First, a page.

With a surplus of cheap hydroelectric power, the Wenatchee Valley is attracting high-tech speculators—“Bitcoin miners”—who are rushing to set up their computer operations in the area to churn through the Bitcoin algorithms. They get paid (in Bitcoin, of course) when their computers are first to confirm a Bitcoin transaction. The high price of Bitcoin adds to their sense of urgency.
Politico photo editor Katie Ellsworth told PDN via email that she assigned Brown to photograph the story because he’s “equally great at photographing people and environments, a balance that can be hard to find and was important to the success of our Bitcoin story.” Politico has worked with Brown on other stories—mostly portrait assignments—and Ellsworth says he contributes creative ideas, solves problems on the ground and “goes that extra mile for you.”
The assignment brief was “very detailed,” Brown says. Politico provided him with a shot list of people, places and scenes they wanted him to photograph, including power lines, electric plants, landscapes, abandoned buildings and concepts such as “old versus new,” he explains. Before he traveled to Washington for the three-day assignment, he had a conversation with Ellsworth and Politico creative director Janet Michaud “to discuss tone and narrative” of the story, Ellsworth says. She adds, “Patrick’s really good at exploring things on his own—he doesn’t just do the shoot list and call it a day. He’ll return to a location multiple times to get the most flattering light.”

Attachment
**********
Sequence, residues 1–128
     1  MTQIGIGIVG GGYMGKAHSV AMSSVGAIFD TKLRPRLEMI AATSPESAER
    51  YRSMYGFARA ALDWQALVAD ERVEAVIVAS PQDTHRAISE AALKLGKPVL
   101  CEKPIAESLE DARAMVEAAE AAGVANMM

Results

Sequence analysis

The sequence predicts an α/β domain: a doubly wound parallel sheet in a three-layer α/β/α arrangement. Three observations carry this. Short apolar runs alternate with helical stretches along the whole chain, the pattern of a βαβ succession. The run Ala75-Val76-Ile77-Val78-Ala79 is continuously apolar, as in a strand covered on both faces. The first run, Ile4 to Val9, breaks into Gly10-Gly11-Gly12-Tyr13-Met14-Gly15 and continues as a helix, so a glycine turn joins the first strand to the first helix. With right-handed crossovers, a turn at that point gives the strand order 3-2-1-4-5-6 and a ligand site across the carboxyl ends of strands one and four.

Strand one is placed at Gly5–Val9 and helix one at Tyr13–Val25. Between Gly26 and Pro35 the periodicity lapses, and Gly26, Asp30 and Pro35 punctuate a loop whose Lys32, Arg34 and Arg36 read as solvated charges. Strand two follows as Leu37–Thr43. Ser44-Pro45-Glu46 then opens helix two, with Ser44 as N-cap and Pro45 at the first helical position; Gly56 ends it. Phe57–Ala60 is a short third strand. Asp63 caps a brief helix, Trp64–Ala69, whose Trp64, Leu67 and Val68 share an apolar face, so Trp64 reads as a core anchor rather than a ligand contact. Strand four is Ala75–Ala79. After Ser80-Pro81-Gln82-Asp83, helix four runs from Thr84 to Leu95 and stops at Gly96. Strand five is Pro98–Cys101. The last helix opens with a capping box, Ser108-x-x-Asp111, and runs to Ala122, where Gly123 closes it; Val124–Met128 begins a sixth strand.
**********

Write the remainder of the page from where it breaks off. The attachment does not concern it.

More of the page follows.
One challenge for Brown was gaining a basic understanding how Bitcoin mining works. Roberts, the writer, helped explain it, and offered his ideas about what facilities to photograph and where. “I was telling a story that I knew nothing about,” Brown says. “Luckily all I [was] trying to do is take pretty pictures that include portraits of miners, and show the [work] spaces.”